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Eternal Father, from his secret cloud,
Amidst in thunder utter'd thus his voice:

Assembled Angels, and ye Powers return'd,
From unsuccessful charge, be not dismay'd,
Nor troubled at these tidings from the Earth,
Which

your

sincerest care could not prevent, Foretold so lately what would come to pass, When first this Tempter cross'd the gulf from Hell. I told ye then he should prevail and speed 40 On his bad errand, man should be seduc'd And flatter'd out of all, believing lies Against his Maker; no decree of mine Concurring to necessitate his fall, Or toucb with lightest moment of impulse His Free-will, to her own inclining left In even scale.

But fall'n he is, and now What rests, but that the mortal sentence pass On his transgression, death denounc'd that day? Which he presumes already vain and void,

50) Because not yet inflicted, as he fear'd, By some immediate stroke; but soon shall find Forbearance no acquittance ere day end. Justice shall not return as bounty scorn'd. But whom send I to judge them ? whom but thee Vicegerent Son ? to thee I have transferr'd All judgment, whether in Heav'n, or Earth, or Hell. Easy it may be seen that I intend Mercy colleague with justice, sending thee Man's friend, his mediator, his design'd

60 Both rar.som and redeemer voluntary, VOL. II.

1

And destin'd Man himself to judge men fæll'n.

So spake the Father, and unfolding bright To'ward the right hand his glory, on the Son Blaz’d forth unclouded deity; he full Resplendent all his Father manifest Express'd, and thus divinely answer'd mild:

Father Eternal, thine is to decree, Mine both in Heav'n and Earth to do thy will Sapreme, that thou in me thy Son belov’d 70 May'st ever rest well pleas’d. I go to judge On Earth these thy transgressors, but thou know'st, Whoever judg'd, the worst on me must light, When time shall be, for so I undertook Before thçe'; and not repenting, this obtain Of right, that I may mitigate their doom On me deriv’d, yet I shall temper so Justice with mercy', as may illustrate most Them fully satisfy'd, and theç appease.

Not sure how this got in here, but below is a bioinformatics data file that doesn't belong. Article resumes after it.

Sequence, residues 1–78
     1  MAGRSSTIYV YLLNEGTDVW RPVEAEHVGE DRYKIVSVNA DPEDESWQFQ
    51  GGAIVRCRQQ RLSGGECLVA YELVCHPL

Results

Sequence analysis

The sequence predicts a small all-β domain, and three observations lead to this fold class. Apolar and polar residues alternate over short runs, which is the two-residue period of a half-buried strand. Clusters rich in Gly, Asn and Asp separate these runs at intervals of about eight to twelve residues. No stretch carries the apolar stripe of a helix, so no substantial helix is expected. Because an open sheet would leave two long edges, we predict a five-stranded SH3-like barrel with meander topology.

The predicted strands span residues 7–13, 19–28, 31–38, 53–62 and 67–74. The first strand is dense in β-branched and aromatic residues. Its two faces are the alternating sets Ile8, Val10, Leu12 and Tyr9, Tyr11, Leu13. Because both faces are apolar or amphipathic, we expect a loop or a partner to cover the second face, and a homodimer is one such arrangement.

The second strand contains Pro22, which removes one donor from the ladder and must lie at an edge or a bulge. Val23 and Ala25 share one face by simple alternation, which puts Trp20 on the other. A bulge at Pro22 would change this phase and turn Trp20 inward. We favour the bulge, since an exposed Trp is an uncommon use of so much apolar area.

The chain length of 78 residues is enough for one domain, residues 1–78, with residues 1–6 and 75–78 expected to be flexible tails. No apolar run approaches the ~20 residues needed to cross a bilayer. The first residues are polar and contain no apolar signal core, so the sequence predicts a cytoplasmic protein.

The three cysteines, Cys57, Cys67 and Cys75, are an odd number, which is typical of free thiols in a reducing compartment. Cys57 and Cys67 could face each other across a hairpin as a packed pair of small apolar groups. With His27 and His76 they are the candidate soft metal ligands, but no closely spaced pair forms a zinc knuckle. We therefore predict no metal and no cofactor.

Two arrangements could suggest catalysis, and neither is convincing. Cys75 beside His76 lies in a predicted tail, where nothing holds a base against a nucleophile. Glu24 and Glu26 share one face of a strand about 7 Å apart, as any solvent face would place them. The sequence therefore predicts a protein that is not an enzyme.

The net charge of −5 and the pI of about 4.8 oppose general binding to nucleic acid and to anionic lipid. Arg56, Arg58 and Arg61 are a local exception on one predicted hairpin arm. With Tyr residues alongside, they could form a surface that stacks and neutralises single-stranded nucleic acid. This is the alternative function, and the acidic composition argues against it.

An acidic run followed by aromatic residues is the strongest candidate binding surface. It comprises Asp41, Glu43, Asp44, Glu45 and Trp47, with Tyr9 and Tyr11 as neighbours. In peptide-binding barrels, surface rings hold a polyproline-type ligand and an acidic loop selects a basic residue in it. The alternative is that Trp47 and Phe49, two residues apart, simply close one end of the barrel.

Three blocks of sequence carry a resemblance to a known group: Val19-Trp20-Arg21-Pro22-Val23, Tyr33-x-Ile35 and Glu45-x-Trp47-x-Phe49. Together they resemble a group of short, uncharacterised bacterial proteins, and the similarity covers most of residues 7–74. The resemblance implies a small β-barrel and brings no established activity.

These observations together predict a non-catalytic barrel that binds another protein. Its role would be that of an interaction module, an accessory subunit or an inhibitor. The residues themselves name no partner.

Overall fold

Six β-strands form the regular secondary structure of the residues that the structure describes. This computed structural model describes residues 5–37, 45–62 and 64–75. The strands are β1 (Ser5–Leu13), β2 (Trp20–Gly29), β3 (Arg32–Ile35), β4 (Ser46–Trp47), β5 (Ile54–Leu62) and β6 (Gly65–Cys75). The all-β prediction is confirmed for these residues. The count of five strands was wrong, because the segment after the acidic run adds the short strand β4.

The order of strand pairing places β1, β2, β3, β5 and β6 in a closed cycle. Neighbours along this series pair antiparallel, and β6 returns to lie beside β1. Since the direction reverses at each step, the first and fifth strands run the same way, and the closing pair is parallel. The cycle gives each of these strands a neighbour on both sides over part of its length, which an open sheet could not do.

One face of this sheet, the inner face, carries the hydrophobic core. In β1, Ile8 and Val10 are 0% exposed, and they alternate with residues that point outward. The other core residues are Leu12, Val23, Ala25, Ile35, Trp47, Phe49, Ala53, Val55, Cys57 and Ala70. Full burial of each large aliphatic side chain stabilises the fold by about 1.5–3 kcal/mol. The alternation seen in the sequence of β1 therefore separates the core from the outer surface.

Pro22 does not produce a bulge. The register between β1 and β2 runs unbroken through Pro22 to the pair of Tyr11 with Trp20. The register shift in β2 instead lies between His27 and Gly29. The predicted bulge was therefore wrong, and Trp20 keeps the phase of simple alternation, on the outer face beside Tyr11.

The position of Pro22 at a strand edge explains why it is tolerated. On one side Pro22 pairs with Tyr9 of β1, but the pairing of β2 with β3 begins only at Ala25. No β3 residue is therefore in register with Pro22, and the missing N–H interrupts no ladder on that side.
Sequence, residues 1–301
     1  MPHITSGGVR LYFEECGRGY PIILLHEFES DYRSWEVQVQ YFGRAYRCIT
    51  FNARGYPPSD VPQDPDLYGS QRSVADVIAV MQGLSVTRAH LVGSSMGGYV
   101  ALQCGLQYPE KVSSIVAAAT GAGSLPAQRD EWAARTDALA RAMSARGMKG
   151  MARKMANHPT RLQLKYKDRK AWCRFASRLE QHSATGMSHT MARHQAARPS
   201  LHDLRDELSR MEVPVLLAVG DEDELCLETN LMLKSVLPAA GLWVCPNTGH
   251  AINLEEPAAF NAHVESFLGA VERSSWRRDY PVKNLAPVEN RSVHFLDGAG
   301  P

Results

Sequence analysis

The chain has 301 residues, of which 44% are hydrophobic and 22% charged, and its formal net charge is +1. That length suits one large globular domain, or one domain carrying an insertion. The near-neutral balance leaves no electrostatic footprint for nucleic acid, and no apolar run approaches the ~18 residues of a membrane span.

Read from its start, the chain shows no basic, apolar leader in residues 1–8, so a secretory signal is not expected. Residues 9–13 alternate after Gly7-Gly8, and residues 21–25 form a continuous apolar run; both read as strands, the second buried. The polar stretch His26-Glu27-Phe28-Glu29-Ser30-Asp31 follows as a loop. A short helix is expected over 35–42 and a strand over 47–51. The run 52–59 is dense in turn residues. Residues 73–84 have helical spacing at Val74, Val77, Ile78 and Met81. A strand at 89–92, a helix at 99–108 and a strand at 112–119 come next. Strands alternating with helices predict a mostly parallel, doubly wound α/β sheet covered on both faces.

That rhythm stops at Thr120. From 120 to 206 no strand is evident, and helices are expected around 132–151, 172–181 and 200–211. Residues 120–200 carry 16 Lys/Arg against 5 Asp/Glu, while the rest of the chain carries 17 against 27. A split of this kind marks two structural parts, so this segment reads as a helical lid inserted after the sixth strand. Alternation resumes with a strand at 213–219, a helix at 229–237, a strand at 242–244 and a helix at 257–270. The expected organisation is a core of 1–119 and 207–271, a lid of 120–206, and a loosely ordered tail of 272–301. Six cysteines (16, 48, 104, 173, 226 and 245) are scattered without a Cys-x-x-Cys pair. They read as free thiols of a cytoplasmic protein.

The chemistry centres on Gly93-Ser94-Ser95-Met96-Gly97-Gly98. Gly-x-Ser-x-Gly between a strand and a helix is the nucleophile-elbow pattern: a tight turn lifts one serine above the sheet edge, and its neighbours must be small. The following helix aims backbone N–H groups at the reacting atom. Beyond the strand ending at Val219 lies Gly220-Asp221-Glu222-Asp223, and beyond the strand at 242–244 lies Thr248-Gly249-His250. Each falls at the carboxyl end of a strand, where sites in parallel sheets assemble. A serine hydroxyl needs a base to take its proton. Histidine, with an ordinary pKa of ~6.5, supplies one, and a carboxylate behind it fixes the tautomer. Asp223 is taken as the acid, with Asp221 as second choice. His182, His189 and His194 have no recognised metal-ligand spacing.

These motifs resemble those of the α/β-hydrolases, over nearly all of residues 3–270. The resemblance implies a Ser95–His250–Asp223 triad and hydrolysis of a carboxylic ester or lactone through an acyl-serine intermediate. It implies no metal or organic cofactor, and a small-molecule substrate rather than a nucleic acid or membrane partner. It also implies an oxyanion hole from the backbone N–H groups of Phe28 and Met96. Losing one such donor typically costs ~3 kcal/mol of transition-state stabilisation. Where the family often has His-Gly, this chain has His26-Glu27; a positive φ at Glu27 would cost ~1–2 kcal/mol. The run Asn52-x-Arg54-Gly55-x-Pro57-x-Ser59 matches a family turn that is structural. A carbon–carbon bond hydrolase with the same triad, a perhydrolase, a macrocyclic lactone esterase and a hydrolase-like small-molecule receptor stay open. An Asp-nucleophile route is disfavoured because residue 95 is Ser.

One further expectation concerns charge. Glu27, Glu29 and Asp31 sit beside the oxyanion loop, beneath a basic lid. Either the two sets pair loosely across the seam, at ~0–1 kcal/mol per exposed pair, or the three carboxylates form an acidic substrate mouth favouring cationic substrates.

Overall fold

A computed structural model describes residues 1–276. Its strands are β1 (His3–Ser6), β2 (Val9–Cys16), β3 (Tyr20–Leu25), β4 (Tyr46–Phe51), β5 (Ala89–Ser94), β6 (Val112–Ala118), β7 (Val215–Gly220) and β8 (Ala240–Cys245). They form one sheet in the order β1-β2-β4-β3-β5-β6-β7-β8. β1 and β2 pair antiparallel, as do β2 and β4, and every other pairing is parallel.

79 Attendance none shall need, nor train, where none Are to behold the judgment, but the judg'd, Those two; the third best absent is condemn'd, Convict by flight, and rebel to all law: Conviction to the serpent none belongs.

Thus saying, from his radiant seat he rose Of high collateral glory': him thrones and powers, Prinçedoms, and dominations ministrant Accompanied to Heav'n gate, from whence Eden and all the coast in prospect lay. Down he descended straight ; the speed of gods 90 Time counts not thoughwith swiftest minuteswing'd. Now was the sun in western cadeace low

From noon, and gentle airs due at their hour
To fan the Earth now wak’d, and usher in
The ev'ning cool, when he from wrath more cool
Came the mild judge and intercessor both
To sentence Man: the voice of God they heard,
Now walking in the garden, by soft winds
Brought to their ears, while day declind; they heard,
And from his presence hid themselves among 100
The thickest trees, both man and wife, till God
Approaching, thus to Adam call'd aloud:
Where art thou, Adam, wont with joy to meet
My coming seen afar off? I miss thee here,
Nət pleas'd thus entertain'd with solitude,